WHAMM is essential for spindle formation and spindle actin polymerization in maturing mouse oocytes

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Title
WHAMM is essential for spindle formation and spindle actin polymerization in maturing mouse oocytes
Author(s)
Yu-Jin Jo; Jeongwoo Kwon; Z L Jin; S Namgoong; Taeho KwonSeung-Bin YoonDong Ho LeeJi-Su Kim; N H Kim
Bibliographic Citation
Cell Cycle, vol. 20, no. 2, pp. 225-235
Publication Year
2021
Abstract
WHAMM (WAS Protein Homolog Associated with Actin, Golgi Membranes, and Microtubules) is involved in Golgi membrane association, microtubule binding, and actin nucleation as a nucleation-promoting factor, which activates the actin-related protein 2/3 complex (the Arp2/3 complex). However, the role of WHAMM in mammalian oocyte maturation is poorly understood. The presence of WHAMM mRNA and protein during all stages of mouse oocyte maturation has been verified. It is mainly co-localized with the actin cage permeating the spindle during mouse oocyte maturation. Through the knockdown of WHAMM, we confirmed that it regulates spindle formation and affects the localization of the microtubule-organizing center (MTOC) during the early stages of spindle formation. Moreover, depletion of WHAMM impaired the formation of the spindle actin and chromosome alignment, which might be the cause of chromosomal aneuploidy and abnormal, asymmetric division. Treatment with brefeldin A (BFA), an inhibitor of vesicle transport from the endoplasmic reticulum (ER) to the Golgi apparatus, induced abnormal and dispersed localization of WHAMM. Taken together, these findings show that WHAMM is an essential component of the actin cytoskeleton machinery and plays a crucial role in oocyte maturation, presumably by controlling the formation of spindles with normal length by activating the formation of the spindle actin via the Arp2/3 complex.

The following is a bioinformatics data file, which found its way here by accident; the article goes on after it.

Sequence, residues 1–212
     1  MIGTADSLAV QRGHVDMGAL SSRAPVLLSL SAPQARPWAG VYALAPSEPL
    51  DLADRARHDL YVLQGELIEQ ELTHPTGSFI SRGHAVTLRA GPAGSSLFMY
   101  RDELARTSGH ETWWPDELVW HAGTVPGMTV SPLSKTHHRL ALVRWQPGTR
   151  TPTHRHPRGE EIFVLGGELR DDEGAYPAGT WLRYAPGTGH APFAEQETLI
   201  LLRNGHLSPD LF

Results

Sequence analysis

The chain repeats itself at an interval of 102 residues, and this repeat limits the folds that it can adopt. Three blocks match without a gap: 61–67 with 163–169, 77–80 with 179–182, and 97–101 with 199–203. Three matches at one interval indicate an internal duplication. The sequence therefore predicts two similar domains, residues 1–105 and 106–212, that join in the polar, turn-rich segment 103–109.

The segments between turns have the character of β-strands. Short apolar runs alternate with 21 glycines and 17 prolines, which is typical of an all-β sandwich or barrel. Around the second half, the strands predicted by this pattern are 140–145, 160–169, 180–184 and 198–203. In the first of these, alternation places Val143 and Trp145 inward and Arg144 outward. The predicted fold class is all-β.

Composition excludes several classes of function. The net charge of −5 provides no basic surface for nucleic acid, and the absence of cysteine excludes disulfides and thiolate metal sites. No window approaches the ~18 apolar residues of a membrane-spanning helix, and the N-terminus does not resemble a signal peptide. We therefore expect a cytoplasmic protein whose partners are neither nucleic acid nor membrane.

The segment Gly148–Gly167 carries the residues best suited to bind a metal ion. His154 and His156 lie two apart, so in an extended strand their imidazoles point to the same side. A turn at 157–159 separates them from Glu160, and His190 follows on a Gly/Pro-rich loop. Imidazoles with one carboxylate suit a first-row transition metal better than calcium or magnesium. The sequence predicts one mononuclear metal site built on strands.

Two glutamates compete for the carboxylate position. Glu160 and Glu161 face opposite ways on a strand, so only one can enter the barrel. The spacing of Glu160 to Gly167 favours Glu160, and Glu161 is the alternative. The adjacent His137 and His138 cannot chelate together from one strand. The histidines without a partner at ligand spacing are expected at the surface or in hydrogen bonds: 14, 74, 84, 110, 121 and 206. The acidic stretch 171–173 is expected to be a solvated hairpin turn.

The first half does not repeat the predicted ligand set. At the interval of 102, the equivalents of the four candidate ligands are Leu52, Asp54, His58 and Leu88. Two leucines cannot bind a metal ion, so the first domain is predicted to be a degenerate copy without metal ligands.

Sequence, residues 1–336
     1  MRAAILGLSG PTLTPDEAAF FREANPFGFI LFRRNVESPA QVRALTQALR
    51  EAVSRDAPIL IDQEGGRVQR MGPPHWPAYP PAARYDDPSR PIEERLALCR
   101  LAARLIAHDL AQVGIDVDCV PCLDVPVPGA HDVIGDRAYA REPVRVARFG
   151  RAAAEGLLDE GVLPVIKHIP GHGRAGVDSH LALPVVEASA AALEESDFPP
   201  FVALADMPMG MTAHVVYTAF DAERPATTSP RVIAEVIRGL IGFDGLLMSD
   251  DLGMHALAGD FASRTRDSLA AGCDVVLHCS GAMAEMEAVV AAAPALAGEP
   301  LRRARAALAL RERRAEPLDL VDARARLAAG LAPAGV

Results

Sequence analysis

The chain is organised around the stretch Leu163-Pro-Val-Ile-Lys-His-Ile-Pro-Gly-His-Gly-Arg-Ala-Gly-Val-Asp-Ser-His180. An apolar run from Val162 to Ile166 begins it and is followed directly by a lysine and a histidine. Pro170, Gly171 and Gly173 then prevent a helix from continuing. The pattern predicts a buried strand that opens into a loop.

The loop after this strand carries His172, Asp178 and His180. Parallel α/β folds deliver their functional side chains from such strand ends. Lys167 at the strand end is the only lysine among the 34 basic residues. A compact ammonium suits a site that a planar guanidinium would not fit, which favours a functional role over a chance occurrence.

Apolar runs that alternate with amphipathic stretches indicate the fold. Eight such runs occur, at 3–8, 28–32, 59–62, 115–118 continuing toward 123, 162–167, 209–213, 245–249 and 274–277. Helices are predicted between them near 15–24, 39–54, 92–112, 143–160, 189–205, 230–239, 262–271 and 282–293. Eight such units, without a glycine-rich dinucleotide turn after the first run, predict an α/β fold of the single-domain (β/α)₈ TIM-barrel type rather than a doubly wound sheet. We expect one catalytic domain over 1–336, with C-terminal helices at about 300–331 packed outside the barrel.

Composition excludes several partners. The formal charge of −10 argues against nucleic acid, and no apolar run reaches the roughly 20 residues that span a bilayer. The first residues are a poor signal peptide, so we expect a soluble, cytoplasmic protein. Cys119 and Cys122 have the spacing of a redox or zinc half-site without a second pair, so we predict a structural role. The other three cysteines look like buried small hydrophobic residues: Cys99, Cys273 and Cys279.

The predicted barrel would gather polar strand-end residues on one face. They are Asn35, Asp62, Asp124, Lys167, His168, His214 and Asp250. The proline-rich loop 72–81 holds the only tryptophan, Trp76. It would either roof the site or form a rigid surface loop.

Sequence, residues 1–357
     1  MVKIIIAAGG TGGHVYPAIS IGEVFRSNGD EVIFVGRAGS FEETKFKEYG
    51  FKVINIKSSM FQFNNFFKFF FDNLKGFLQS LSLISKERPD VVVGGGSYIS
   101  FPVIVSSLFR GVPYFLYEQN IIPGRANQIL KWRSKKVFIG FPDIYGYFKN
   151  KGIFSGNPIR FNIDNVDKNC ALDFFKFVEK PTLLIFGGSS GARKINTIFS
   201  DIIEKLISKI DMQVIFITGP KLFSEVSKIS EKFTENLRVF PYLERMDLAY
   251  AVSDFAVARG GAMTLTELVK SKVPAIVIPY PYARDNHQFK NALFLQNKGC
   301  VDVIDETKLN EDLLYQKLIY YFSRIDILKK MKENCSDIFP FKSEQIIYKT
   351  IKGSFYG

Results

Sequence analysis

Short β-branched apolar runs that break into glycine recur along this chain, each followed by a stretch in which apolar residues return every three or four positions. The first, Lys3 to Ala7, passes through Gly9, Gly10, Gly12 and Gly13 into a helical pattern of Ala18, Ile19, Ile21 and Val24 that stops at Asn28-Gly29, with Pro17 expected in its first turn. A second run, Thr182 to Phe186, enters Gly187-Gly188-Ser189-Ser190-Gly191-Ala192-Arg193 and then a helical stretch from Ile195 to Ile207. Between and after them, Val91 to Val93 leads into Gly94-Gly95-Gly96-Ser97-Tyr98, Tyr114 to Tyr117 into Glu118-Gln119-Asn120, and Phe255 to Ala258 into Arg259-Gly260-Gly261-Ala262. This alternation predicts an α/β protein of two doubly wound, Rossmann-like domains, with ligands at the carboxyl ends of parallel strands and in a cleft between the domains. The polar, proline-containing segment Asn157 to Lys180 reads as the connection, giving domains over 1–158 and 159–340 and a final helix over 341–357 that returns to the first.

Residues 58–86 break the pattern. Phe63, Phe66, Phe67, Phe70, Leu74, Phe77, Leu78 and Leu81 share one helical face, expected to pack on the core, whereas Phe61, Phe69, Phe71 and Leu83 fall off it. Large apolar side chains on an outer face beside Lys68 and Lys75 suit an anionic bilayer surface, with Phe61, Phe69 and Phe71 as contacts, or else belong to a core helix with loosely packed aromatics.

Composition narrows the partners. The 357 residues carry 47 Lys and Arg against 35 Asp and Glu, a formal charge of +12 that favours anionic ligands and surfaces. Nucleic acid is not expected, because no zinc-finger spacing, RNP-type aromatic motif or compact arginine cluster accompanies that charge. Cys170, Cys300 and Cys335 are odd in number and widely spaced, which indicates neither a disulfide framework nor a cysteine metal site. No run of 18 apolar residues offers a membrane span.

Keyword
Oocyte maturationSpindle actinWHAMMCytoskeletonPolar body extrusion
ISSN
1538-4101
Publisher
T&F (Taylor & Francis)
DOI
http://dx.doi.org/10.1080/15384101.2020.1867791
Type
Article
Appears in Collections:
Jeonbuk Branch Institute > Primate Resources Center > 1. Journal Articles
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